Seed dispersion by surface casting activities of earthworms in Colombian grasslands uri icon

abstract

  • The effects of Martiodrilus sp. (Oligochaeta, Glossoscolecidae) on the soil seed banks was investigated in a Colombian savanna and two intensive pastures. Germination and washing-sieving methods were used to compare seed density, diversity, species composition and germination rates in earthworm casts and the surrounding soil. Although large amounts of seeds were present in casts (163.65, 156.84 and 60.36 seeds per 100 g of dry casts in the savanna, the old and young pastures, respectively), germination rates were 3-40 times lower than in the surrounding soil. likely due to degradation during the gut transit. The number of viable seeds present in casts was 0.40, 7.46 and 1.99 seeds per 100 g of dry casts in the savanna, the old and young pastures, respectively. Species composition of viable seeds was quite different in casts compared to soil. probably because of selective seed ingestion by earthworms. Viable seeds deposited in surface casts each year represented 0.65%. 16.17%, and 8.24% of the total viable seed bank of the soil, in the savanna, the old and young pastures, respectively. In the savanna and the old pasture, species composition in casts was more similar to the vegetation than species composition in the soil was. This may indicate that ingested seeds that survive gut transit have a greater chance to germinate than those of the soil seed bank, providing vegetation cover is sufficiently opened to enable germination processes. Thus, casts may be considered as a regeneration niche for plant species, and earthworm activity a factor that enhances. in some cases, the expression of the soil seed bank in the standing vegetation. (C) 2003 Editions scientifiques et medicales Elsevier SAS. All rights reserved.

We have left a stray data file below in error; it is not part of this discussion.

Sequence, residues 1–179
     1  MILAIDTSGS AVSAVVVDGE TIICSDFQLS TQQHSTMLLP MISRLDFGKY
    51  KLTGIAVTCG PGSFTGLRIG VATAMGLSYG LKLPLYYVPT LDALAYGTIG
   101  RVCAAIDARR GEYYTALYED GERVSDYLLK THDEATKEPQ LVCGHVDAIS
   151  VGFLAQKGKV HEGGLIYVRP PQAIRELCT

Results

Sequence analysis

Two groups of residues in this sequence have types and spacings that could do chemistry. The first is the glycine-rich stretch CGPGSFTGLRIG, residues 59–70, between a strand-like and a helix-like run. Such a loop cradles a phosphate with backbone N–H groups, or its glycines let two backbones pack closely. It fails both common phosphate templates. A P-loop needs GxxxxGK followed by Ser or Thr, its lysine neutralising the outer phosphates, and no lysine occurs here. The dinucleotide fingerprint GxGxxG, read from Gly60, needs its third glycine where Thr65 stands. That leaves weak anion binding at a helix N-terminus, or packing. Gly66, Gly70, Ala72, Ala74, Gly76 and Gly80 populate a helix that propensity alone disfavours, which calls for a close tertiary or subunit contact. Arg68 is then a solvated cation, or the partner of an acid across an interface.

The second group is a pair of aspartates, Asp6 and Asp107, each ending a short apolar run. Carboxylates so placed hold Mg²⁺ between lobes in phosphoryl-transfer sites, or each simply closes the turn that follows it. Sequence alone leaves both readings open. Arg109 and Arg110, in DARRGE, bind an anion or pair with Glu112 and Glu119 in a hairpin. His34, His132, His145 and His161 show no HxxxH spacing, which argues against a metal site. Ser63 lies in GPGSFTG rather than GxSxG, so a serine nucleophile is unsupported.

publication date

  • 2003
  • 2003